The breakup of Alibaba raises hopes of a thaw in China’s regulatory winter

March 29 (Reuters) – Investors welcomed a major revamp of Alibaba Group (9988.HK) in a sign that Beijing’s crackdown on the corporate sector is drawing to a close, sending shares of the Jack Ma-founded company and its peers surging on Wednesday.

Alibaba said on Tuesday it plans to split into six units and explore fundraising or most listings, in the tech conglomerate’s biggest restructuring in its 24-year history.

The group’s Hong Kong-listed shares jumped as much as 16.3%, tracking a 14.3% rise in its US-listed shares overnight, which lifted the benchmark Hang Seng Index (.HSI) and broader markets in the region.

The move represented a light at the end of the tunnel for many investors who saw a wave of regulatory blitz as a major cloud hanging over China’s private sector.

“We think this is likely a signal that we are nearing the end of regulatory scrutiny on BABA and we expect the company to be back in the good graces of regulators and policymakers after that,” said John Withar, the firm’s president. Special Cases in Asia at Pictet Asset Management.

Alibaba said it would hold a conference call on Thursday to discuss its split plan. CEO and group president Daniel Chang may join the call, according to people familiar with the matter.

China’s wide-ranging regulatory crackdown over the past two years on its prominent domestic companies, mainly from the internet, private education and real estate sectors, has wiped billions off market values ​​and weighed on investor sentiment.

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Alibaba said on Tuesday it will split into six units — Cloud Intelligence Group, Taobao Tmall Commerce Group, Local Services Group, Cainiao Smart Logistics Group, Global Digital Commerce Group and Digital Media and Entertainment Group.

The group had been planning to separate the individual business units for a long time, according to two other sources familiar with the company’s thinking.

“There was a consensus inside and outside Alibaba that the stock is trading at a significant discount to the companies’ underlying value,” said one person, adding that the company had become “too inflated.”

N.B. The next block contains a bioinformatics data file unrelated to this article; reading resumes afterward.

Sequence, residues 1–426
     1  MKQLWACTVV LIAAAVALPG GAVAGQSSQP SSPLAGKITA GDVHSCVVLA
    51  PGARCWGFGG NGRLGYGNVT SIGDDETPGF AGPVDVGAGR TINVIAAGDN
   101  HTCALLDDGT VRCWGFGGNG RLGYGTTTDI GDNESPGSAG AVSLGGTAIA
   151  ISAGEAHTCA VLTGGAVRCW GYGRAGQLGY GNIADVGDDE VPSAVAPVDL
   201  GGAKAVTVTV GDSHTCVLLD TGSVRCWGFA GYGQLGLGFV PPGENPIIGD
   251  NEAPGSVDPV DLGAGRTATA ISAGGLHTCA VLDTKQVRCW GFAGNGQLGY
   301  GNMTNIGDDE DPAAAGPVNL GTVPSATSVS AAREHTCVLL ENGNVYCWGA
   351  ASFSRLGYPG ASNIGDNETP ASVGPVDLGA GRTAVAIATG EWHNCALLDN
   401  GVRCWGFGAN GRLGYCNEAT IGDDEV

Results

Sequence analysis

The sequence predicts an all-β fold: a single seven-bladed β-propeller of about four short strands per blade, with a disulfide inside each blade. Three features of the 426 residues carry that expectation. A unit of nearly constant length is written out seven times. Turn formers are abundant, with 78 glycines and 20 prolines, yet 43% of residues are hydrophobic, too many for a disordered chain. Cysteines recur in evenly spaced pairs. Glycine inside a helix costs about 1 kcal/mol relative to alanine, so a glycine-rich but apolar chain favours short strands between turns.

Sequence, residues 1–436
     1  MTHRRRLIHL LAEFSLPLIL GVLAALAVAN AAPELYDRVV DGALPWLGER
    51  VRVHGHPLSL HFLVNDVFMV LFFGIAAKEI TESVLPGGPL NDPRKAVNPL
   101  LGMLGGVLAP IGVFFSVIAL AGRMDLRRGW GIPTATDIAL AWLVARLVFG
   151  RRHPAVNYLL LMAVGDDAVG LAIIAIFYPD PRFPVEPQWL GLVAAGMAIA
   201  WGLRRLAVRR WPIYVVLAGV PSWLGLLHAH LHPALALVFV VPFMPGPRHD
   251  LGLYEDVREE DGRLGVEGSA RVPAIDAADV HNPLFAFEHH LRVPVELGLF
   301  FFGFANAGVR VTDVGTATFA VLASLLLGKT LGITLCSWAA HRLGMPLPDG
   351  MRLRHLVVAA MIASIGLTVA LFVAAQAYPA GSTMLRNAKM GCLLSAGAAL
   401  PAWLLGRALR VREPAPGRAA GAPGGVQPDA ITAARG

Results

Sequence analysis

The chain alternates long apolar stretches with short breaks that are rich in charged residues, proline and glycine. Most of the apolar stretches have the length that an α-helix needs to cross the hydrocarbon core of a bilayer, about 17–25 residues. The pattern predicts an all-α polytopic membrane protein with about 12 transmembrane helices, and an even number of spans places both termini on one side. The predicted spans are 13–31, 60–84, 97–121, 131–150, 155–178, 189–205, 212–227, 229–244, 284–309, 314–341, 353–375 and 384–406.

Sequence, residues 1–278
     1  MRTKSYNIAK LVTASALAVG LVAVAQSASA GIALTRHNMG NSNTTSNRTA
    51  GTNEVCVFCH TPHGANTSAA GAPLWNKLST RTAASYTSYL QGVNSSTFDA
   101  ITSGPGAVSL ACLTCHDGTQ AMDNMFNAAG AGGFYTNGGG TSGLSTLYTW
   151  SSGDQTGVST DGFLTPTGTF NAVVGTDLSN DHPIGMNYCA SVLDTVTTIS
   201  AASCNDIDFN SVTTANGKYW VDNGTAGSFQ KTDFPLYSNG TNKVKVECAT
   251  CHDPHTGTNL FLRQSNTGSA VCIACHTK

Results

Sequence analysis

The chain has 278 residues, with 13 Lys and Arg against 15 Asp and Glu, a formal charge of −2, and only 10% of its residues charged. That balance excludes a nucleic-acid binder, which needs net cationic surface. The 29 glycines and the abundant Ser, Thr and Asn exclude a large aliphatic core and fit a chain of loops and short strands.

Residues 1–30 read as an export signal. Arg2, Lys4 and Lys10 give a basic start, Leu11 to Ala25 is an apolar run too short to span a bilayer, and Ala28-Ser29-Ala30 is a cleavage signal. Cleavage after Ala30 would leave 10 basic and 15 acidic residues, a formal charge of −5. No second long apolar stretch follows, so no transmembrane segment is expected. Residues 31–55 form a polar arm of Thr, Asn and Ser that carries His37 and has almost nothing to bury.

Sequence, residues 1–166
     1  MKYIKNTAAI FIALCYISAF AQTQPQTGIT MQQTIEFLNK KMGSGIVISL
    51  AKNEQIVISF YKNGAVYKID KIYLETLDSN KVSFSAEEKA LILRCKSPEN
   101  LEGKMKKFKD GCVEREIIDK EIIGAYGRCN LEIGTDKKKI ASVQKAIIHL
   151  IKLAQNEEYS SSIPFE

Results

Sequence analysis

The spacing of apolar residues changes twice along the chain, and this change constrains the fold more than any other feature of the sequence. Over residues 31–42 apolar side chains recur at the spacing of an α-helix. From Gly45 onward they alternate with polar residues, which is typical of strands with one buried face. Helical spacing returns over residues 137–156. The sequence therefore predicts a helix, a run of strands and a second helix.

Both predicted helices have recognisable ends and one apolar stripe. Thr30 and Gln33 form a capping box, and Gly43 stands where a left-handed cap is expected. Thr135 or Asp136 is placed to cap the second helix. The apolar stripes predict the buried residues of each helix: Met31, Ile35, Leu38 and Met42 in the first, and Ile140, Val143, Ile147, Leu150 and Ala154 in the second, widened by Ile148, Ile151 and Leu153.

There will be five initial public offerings of units, the person said, while Taobao and Tamul, Alibaba’s two primary revenue drivers, will remain with the existing listed entity.

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Hong Kong is the most likely location for these IPOs, the person said, and a separate source familiar with the capital markets transactions of Chinese tech companies.

Alibaba did not immediately respond to a request for comment.

In Japan, SoftBank Group Corp (9984.T), which owns 13.7% of Alibaba shares, rose 6.2%. SoftBank did not respond to a request for comment.

Alibaba itself would be reorganized into a holding company structure, with Zhang retaining his position as Group Chief Executive Officer, and the six subdivisions each having their own CEOs and boards of directors. Zhang will also lead the cloud-focused unit.

This wouldn’t be the first time that Alibaba has spun off its business units. In 2011, the company spun off fast-growing payments arm Alipay, which later evolved into fintech flagship Ant Group.

The end of pain?

Analysts at Bank of America on Tuesday described Alibaba’s restructuring as an “important experiment,” which will test whether or not China’s largest companies can meet Beijing’s demand to “contribute to society.”

Ali Baba was a popular target during the period of repression. It has faced scrutiny for engaging in monopolistic behavior in the e-commerce space, as well as the data security practices of its cloud business and the business practices of its delivery units.

In what many observers saw as a symbol of organizational coolness, its founder, Ma, left China in late 2021 and has been seen traveling to a number of different countries.

It was seen Monday in Hangzhou, the home of Alibaba, just a day before the company announced a restructuring.

Zhang Zhihua, chief investment officer of Beijing Yunyi Asset Management, said that in addition to Ma’s return and restructuring, the new leadership and local governments have recently softened their attitude towards China’s private sector, which has given investors confidence.

Shares in Inc (9618.HK), longtime Alibaba e-commerce rival, jumped as much as 7.8% on Wednesday.

Tencent Holdings Ltd (0700.HK), China’s largest gaming company, saw its shares rise 5.1%.

CMC Markets analyst Tina Teng said the Alibaba split could pave the way for other Chinese tech giants to undergo a similar restructuring.

“This helps break the monopoly power of these conglomerates, which is consistent with the Chinese government’s regulatory reform on antitrust issues,” she said.

In addition to its core gaming and social media businesses, Tencent also has cloud technology and financial technology arms. has in recent years had a number of spin-offs, including JD Logistics (2618.HK) and its cloud and AI arm JD Digits.

In addition to enabling higher valuations, restructuring better protects individual divisions from future government regulation, said Brian Tycangco, who tracks China’s tech sector at Stansberry Research.

“Any new regulations probably won’t affect the whole company now – just the specific section that is covered by that law,” Ticangku told Reuters.

Additional reporting by Josh Hurwitz in Shanghai, Ken Wu, Selina Lee, Donnie Cook and Julie Zhou in Hong Kong; Anirban Sen and Ken Lee in New York and Ankur Banerjee in Singapore; Editing by Muralikumar Anantharaman and Sam Holmes

Our standards: Thomson Reuters Trust Principles.

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